|Illustration by Mark Satchwill|
A lot of his customers had told Gillis Montgomery he looked like Jack Palance and it was true. But when they said it they were thinking of the laughing psycho bad guy character in Shane, not the haunted boxer of Requiem for a Heavyweight. That was okay with Gillis. If his customers felt like they needed to score points off him, so be it. They were the ones in his store, giving away bits and pieces of their lives for a pittance. They always seemed stunned to find out how little their precious engagement ring or designer watch was worth. They always checked the price of gold before they came in and they always had two prices in their heads—the one they really wanted and the one they’d take. Both were always much, much higher than what he was willing to offer.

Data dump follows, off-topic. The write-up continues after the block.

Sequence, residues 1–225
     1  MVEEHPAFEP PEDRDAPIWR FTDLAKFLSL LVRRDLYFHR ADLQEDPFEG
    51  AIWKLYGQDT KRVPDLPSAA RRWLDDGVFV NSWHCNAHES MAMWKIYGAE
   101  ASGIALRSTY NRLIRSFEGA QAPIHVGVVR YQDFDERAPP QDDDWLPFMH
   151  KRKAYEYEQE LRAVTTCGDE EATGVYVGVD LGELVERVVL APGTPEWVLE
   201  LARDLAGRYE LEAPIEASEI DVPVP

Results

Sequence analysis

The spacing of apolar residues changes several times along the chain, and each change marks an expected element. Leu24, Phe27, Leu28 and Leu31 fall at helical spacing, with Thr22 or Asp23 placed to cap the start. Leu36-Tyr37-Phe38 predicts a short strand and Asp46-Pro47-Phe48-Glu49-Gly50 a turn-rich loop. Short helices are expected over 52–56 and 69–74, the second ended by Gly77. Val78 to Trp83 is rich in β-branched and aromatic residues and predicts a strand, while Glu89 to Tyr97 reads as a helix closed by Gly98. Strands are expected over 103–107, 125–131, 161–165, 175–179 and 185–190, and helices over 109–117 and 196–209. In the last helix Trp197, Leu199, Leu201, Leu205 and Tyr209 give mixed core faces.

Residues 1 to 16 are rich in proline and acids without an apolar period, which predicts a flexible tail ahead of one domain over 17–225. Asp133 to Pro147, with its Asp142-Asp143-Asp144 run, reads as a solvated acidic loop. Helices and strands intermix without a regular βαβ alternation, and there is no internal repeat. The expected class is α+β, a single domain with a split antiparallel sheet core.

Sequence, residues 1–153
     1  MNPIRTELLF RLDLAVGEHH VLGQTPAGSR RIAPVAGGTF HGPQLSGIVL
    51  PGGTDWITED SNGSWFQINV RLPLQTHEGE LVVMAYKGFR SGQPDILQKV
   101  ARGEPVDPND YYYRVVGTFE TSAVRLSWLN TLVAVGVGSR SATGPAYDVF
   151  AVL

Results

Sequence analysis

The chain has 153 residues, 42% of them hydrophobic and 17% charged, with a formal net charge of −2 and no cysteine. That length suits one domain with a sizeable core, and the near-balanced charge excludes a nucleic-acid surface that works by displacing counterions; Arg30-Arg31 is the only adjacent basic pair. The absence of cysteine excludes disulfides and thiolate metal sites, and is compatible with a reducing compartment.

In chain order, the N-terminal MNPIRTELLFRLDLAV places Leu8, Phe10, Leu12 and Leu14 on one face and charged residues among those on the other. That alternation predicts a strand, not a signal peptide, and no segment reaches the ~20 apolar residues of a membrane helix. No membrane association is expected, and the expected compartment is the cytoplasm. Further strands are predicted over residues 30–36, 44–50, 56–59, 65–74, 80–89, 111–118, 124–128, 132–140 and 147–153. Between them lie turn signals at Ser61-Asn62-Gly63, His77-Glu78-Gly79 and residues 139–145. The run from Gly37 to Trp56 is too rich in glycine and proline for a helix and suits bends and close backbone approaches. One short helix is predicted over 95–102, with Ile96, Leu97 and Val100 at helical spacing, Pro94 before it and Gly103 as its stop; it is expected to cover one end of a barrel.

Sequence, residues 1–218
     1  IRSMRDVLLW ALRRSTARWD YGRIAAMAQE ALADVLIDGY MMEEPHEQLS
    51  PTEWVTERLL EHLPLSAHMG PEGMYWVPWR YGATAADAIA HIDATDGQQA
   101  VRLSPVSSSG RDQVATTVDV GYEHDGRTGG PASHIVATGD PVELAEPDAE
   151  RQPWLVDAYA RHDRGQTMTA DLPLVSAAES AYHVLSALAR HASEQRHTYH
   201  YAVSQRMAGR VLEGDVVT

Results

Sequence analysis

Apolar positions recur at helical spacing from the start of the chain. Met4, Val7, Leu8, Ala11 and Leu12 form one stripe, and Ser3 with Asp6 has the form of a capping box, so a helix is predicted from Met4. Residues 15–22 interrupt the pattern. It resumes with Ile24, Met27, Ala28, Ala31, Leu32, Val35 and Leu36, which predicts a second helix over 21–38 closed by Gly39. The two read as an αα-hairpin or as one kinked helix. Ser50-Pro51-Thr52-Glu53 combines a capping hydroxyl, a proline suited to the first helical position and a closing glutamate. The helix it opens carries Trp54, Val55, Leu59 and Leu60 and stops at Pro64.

Gillis blamed movies.
In movies someone would walk into a pawn shop with a silver chain and a string of pearls and walk out with five hundred dollars.
That just wasn’t going to happen at Mongomery Pawn.
The people who watched Pawn Stars were the worse. They’d always want to argue the price, telling him they’d seen the exact same item on the show.
Gillis’ standard answer was that if they thought they could get a better price, they should head for Las Vegas and try their luck.
The show’s producers had originally approached him with the idea of starring in their reality show. They’d heard about his little North Hollywood empire and they’d heard about his movie-star looks. They’d been disappointed when he turned them down.
Disappointed and surprised.